Finally, compassion is having enough love for somebody else that you can help them move forwards with only total truth, in a way that serves them the most. The communication of compassion is key to forward motion, both for you and for those you love.

But isn’t empathy a good quality to have?

Now here’s where it gets interesting. As compassion is largely based around truth, it’s possible to be compassionate but to run the risk of sounding cold or uncaring. This is where empathy comes in: as a tool for constructing your compassion.

If you have empathy, you will know how someone feels and thus you will be better equipped to communicate intelligently, in a way that the other person understands and agrees with. You will be able to formulate your truth to avoid hurt or resistance.

Take the example of addiction: if a loved one wants to act on an addiction that is harming them and they ask for help, giving empathy might sound something like “I really understand how much you are craving this”, but compassion using empathy might sound something like “I understand that your craving feels desperate, but you must stop this pattern in order to live your life. I am happy to support in those steps but I do not see any future for you in continuing the way you are.”

I’m sure you can decide for yourself which sounds more helpful and serves the situation better.

Empathy is something you can have, but that has zero meaning when simply given. Empathy is “I know how you feel”, it is not in itself something you can action or a means to an end. Compassion constructed with empathy, is where your power lies. Understand how the other person feels, before delivering truth that will release them from their uncomfortable situation no matter how it makes them feel in the short term.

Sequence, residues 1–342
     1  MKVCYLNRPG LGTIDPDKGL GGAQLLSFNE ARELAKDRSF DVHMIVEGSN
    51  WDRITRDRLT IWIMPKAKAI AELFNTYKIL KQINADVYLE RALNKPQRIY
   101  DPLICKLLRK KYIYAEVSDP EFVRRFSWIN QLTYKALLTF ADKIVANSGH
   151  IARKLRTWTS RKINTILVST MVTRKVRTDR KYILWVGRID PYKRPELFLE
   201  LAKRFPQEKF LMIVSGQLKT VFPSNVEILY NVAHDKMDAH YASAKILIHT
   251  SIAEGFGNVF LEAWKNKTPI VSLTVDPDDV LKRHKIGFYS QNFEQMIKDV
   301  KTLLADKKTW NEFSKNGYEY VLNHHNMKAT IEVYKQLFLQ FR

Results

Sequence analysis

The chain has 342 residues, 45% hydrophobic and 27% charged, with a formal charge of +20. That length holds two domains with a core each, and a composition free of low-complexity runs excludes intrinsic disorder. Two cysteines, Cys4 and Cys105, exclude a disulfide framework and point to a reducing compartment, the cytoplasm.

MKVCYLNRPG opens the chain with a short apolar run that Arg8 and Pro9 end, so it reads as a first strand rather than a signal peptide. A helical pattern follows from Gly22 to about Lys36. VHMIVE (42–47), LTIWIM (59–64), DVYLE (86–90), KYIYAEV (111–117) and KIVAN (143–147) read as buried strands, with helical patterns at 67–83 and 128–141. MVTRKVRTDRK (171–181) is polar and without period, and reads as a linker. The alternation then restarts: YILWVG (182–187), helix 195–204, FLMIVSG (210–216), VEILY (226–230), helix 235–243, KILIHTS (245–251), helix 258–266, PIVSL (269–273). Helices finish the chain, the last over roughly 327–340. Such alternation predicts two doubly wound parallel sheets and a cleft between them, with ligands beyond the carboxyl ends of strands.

This does not mean you have to give someone every single step at once, you can use your empathy to discern what the most appropriate steps to offer are, depending on the given situation. Or perhaps you may decide that it is appropriate to give someone all the steps, but encourage them to focus on one step at a time to encourage the fullest, deepest recovery. Much of the time this is the most useful thing to do, as it gives the other person hope and a clear direction.

Change can only be made now

The truth is, the only time to make change is right now. Not tomorrow, not next week, not next year. Some people think that we all just need time in order to change, but that isn’t strictly true.

What is true, is that everyone needs a process in order to change, and if you are not moving forward with that process, then you are making the choice to stay stagnant.

Similarly, if others turn to you for help and you only offer time and an empathetic understanding of the roles they are playing or their dysfunctional thought patterns, then you are enabling the halt of their own process, suggesting to them that the change will come of its own accord.

Ultimately, if you want to be truly loving to others in need, definitely do not sympathise; but instead, use your empathy as a tool for sincere, honest, loving compassion.